The writer, her mother (who will always bear a striking resemblance to the Columbia Pictures lady), and her sister.
 For My Mother, For Father’s Day
  
 I am not half the woman my mother was
 Though she never wanted me to be. 
 Mom fled across the old South
 From slick men and robberies
 Tenements and community college
 To a burnt-out Camaro and a basset hound
 Who bayed at my young sister and I 
 Unable to express his love otherwise
  
 I never knew an eviction notice
 Or a too-tight school uniform
 Although my mother’s thin-soled sensible shoes
 Whispered about budgets and bounced checks
 Store-brand food and impending mattress springs
  
 Mom’s eerie foresight and vicious budgeting
 Did not account for grit
 I would sleep on a thousand floors
 To inherit her ramrod spine 

Villainous Revelry

The other day, driving home from work, I found a new Spotify playlist called “POV: You’re the Villain in Love With the Hero”. Whoever “Rowan” is, they did a great job curating this bad boy. It’s sultry, playful, and just dark enough. It got me thinking, though: we are each the villain in someone else’s story, like it or not. What lengths do we go to to insist that we’re the hero, blameless and clean? And what does it take to admit that, sometimes, being the skeleton in someone else’s closet it reassuring in a way? Anyways, here’s “Twist”.

Twist

We'll meet, I'll say it was your eyes
That got me hooked
We'll talk
I'll stay up late and say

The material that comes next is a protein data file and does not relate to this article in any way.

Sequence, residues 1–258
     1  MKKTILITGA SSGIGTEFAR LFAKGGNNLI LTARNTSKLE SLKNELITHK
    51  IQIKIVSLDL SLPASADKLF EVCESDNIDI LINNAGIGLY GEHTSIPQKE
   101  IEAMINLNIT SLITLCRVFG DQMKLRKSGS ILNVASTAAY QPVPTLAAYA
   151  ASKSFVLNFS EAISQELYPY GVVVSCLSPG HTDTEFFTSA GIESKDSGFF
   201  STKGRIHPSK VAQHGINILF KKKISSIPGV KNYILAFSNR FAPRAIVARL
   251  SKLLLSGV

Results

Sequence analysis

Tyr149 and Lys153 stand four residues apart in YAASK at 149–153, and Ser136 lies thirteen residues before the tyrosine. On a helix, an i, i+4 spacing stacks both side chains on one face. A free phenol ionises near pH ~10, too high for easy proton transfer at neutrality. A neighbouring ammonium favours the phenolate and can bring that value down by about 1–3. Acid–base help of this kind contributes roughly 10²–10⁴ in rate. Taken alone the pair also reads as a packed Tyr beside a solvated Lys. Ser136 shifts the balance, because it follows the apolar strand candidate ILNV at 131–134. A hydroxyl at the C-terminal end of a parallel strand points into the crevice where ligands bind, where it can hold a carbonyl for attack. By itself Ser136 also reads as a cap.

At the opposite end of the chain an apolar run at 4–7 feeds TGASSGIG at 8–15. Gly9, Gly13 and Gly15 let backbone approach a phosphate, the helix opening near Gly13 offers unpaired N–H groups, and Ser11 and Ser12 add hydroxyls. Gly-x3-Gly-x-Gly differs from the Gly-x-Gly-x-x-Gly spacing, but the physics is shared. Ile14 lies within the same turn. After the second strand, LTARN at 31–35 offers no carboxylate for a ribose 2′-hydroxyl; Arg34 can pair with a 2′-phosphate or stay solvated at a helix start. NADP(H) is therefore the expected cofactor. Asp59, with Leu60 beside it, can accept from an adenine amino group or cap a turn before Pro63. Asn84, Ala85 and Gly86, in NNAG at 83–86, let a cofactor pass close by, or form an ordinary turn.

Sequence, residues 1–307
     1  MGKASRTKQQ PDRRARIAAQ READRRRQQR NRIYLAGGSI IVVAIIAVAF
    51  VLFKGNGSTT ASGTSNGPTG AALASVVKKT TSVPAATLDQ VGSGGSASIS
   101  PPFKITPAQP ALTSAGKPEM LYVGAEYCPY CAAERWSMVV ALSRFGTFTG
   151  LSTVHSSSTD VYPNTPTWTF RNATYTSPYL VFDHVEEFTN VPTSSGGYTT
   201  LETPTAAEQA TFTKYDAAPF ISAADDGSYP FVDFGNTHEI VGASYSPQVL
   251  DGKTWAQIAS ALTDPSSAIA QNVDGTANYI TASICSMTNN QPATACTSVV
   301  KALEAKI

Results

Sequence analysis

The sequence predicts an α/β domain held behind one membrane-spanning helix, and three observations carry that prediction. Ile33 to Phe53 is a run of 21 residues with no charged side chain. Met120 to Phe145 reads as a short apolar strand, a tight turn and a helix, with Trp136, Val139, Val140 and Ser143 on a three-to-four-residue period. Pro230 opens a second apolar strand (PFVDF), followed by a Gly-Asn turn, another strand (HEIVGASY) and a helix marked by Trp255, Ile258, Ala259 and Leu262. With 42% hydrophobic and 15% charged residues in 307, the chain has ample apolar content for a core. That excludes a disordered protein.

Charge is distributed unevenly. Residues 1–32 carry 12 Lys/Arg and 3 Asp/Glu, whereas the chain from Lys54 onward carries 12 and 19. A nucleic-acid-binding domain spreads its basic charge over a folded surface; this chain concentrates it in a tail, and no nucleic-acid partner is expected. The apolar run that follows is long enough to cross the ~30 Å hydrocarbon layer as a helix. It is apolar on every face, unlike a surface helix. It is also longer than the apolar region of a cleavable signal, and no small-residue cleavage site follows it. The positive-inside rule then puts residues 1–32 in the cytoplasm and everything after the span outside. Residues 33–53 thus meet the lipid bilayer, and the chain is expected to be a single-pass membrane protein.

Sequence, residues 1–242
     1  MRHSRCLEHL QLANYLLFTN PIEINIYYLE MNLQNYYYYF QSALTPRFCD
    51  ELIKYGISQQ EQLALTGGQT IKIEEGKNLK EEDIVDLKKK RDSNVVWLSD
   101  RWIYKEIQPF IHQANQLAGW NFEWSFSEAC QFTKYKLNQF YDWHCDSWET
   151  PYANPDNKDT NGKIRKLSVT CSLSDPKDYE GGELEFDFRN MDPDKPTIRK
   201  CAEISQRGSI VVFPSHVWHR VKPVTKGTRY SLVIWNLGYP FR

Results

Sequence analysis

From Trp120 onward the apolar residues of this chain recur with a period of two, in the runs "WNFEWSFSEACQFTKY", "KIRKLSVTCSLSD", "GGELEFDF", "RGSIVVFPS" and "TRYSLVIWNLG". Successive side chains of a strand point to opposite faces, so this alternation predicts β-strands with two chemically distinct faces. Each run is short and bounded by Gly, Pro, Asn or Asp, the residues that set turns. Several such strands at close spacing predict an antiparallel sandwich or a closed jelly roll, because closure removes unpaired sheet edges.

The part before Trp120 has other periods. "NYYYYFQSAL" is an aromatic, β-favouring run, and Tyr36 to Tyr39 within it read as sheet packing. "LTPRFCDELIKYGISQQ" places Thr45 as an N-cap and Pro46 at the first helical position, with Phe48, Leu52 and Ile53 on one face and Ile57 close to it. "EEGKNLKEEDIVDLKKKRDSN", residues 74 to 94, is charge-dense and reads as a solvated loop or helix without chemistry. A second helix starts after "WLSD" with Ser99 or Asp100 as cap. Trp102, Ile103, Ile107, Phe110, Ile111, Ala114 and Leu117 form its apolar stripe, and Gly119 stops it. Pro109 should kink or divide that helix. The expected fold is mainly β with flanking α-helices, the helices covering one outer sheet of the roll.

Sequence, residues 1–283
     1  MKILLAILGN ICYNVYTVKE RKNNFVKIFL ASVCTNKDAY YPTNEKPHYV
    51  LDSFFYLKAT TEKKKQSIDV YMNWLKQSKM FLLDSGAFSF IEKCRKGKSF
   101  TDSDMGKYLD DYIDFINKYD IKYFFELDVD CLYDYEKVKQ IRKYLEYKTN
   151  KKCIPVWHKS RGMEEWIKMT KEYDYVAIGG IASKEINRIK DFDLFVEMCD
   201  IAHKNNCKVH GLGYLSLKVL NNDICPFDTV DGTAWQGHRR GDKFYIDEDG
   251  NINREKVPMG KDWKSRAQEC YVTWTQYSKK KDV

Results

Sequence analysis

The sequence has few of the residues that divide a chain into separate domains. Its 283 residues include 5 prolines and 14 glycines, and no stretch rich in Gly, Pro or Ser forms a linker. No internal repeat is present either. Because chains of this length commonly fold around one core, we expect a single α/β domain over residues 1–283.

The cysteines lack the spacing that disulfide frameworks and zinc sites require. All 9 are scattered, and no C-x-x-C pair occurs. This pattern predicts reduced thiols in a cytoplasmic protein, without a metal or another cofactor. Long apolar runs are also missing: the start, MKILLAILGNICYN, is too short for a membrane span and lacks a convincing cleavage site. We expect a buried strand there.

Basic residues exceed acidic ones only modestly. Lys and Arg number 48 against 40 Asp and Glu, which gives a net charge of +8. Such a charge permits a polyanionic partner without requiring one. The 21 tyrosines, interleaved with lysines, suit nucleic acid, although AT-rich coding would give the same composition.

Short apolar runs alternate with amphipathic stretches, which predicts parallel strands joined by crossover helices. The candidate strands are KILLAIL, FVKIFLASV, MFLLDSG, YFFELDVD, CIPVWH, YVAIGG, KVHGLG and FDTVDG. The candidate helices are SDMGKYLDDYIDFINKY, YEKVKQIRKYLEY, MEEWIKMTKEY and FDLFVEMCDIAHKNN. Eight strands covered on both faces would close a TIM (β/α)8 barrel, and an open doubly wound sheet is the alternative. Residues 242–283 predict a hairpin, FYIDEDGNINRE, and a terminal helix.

Like I always do
That I'm in love with your mind

We'll walk through the trees
And kiss by the creeks
I'll let you call me yours
Later, I'll call you another twist
In my spiral
You'll watch me discard you like the rest

Familial Fauna

This morning, when I left for work on time, hydrated and with an almost-healthy lunch in hand, I felt for a moment like I had my shit together. It was a great feeling. I, by and large, am still floundering around trying to pull myself together, but it runs in the family. My innate sense of disaster, along with my love of nature, inspired a piece that was recently published by Sleet Magazine, “Grandmother Rose.” Feel free to read it below. Sleet put out another piece that I wrote in their most recent issue – I’ll put a link at the bottom.

Grandmother Rose

My Grandmother Rose annoyed my parents in the same way I did. She was too messy, too scatterbrained, and too unpredictable. The things about my Grandmother Rose that annoyed my parents endeared her to me. We were kindred spirits – gross, disorganized ones.

That’s why, when I was brought down to Arkansas to visit her, she did not get cross with me for bringing toads from her backyard inside to swim in the bathroom sink. She waved my mother off, when she was squawking at me for patting the toads dry with my grandmother’s “nice washcloths.” To me, fluffy pink washcloths made perfect toad towels.

My grandmother did not scold me several years later, when I wandered out of visitation for some recently-deceased elder, to pick ticks off of a stray dog in the parking lot of the funeral home. The dog didn’t seem to mind my dalliance, either. And the fact that no one noticed I was missing for a solid thirty minutes only reinforced to me that the dog was more important than the make-pretend and stiff hugging of visitation.

As I grew older, I became more aware of why my parents would get so exasperated with me. I instinctively blushed when I saw my school folders overflowing with papers, and I knew that I should hide the way my socks never matched, and my shirts invariably had some sort of stain on them by noon every day. During my annual visits to Arkansas throughout my middle- and high-school years, I saw myself in my grandmother’s overflowing ashtrays and heaps of laundry. My parents whispered about her mangy dogs that she took in as strays while I tried in vain to teach them tricks. And even once I began sporting mascara and hickeys from boyfriends, I delighted in chasing the toads whose bellies made a comical “plop” when they landed after each jump.